Keywords supply chain, supply chain management, supply chain management scm, inventory management, value chain, inventory control, logistics & supply chain, supply chain solutions, supply chain planning, supply chain services

Understanding what future demand will be is the lifeblood of consumer packaged goods companies, says Metersky. "The better a company can get at that, the better it will be at customer service, at controlling costs and at profitability, so it is just core to any supply chain executive's business," he says.

Many companies use benchmarking as a tool to identify where they need to make improvements in forecasting, but benchmarking data is largely self-reported, which is a challenge, Metersky says. "There are a lot of inconsistencies with self-reported metrics because companies differ in the way they measure forecast accuracy. You can get a descriptive reading of where you stand in comparison to a peer group or a competitor but no insight on what to do if you are lagging."

Additionally, even companies in the same industry and same geography, serving the same customer base, have different supply chain or business profiles. "We need to find ways to do better apples-to-apples comparisons," he says.

To address this issue, Chainalytics created the Sales and Operations Variability Consortium (SOVC), which acts as an independent third party to standardize benchmark reporting. "We take in the usual historical shipment information and historical forecast accuracy information from participating companies, but at the same time we also capture the practices, policies, metrics and technologies they are using so we can tie these together to provide a basis for meaningful comparisons," Metersky says.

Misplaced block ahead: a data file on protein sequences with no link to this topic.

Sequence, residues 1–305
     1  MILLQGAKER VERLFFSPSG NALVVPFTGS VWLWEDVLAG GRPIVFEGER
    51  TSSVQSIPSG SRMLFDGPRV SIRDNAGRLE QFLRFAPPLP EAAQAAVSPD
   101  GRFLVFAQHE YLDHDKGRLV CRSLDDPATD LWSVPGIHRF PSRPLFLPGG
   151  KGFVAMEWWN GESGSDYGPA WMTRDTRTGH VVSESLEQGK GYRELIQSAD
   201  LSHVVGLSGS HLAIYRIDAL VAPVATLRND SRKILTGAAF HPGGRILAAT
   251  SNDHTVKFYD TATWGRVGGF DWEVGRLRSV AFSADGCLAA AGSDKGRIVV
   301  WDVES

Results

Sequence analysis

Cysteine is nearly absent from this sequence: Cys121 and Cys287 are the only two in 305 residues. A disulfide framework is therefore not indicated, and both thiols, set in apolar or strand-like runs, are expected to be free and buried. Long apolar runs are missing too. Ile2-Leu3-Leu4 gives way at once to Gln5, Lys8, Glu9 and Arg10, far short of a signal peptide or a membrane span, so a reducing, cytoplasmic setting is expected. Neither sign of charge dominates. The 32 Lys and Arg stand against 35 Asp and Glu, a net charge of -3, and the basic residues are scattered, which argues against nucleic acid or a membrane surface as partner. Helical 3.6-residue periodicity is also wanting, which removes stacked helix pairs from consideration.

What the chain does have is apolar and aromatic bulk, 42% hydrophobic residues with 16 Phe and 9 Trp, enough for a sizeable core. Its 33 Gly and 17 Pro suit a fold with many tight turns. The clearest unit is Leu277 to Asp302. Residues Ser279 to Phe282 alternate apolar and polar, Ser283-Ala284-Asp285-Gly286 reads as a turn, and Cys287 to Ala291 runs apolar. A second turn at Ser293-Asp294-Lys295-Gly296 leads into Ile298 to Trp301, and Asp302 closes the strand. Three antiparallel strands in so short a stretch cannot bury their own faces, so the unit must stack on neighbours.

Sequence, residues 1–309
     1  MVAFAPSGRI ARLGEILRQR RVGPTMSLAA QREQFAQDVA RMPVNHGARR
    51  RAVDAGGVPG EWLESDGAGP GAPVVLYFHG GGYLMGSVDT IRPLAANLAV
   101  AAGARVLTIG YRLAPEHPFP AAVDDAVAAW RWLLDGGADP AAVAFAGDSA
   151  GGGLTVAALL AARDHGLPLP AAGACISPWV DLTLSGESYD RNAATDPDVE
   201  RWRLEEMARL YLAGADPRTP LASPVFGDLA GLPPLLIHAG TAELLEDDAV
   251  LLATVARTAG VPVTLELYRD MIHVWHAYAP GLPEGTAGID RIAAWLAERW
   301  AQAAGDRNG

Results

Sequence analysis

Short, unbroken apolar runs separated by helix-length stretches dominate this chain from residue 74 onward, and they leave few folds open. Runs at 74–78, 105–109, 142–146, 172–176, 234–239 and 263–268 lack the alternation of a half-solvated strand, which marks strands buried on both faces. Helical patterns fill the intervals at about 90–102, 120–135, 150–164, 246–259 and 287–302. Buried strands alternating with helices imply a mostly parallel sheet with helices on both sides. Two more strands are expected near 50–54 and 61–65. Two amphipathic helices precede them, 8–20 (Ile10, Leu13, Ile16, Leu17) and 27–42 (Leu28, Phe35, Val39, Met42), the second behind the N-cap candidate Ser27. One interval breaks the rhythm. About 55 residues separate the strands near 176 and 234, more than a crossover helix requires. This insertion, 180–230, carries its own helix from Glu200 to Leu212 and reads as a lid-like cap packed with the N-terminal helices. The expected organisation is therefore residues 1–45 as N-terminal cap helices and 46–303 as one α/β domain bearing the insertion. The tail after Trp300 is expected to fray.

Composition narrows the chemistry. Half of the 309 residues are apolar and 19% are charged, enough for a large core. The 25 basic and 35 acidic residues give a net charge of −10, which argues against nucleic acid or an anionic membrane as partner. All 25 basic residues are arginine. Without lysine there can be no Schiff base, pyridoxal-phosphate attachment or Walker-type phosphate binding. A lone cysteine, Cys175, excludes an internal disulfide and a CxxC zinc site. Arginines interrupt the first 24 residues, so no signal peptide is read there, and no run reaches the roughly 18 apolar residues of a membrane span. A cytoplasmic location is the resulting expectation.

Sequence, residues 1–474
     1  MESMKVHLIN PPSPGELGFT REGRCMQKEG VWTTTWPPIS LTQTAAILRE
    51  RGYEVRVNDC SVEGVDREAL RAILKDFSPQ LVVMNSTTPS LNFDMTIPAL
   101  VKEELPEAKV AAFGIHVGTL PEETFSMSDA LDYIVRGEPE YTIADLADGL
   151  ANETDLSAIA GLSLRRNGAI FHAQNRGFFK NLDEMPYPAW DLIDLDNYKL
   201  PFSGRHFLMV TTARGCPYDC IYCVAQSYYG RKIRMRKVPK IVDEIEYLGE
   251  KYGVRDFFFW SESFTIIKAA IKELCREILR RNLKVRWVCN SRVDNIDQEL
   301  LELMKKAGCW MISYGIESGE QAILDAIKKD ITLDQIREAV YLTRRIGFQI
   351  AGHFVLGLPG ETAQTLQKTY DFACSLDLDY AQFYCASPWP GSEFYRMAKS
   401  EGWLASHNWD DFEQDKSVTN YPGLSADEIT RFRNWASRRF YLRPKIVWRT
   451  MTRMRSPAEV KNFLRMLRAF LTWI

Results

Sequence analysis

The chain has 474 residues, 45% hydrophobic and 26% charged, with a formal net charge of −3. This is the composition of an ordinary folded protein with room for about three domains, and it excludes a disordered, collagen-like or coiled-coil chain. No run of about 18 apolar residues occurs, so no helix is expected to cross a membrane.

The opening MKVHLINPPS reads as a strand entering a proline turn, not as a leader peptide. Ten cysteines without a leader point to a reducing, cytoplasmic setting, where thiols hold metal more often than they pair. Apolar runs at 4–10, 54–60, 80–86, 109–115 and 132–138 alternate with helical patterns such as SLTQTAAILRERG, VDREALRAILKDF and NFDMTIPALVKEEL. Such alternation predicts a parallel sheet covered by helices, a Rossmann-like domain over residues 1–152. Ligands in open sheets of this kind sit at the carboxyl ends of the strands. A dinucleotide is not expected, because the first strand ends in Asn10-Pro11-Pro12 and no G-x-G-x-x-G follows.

The SOVC benchmark looks at factors like product velocity, the way a company goes to market, its level of promotional activity, how many new products it introduces each year, the stability of demand and whether a company forecasts on a weekly or monthly basis, Metersky says. "So instead of having one benchmark, which is what you get in the existing market, we have created 1,600 benchmarks, which allows a company to really hone in and segment and develop strategies that are appropriate to the portion of its business it is benchmarking."

This is important because even small improvements in forecast accuracy have big benefits, he says. "You will never know exactly what demand will materialize tomorrow, but the more certain you are, the less inventory you have to hold and the less working capital you have to invest; the more certain you are about what orders are coming in, the better able you will be to fulfill those orders without delay."

Moreover, he says, any improvement in forecast accuracy falls right to the bottom line, "so it clearly is worth the journey."

To view video in its entirety, click here


Keywords supply chain, supply chain management, supply chain management scm, inventory management, value chain, inventory control, logistics & supply chain, supply chain solutions, supply chain planning, supply chain services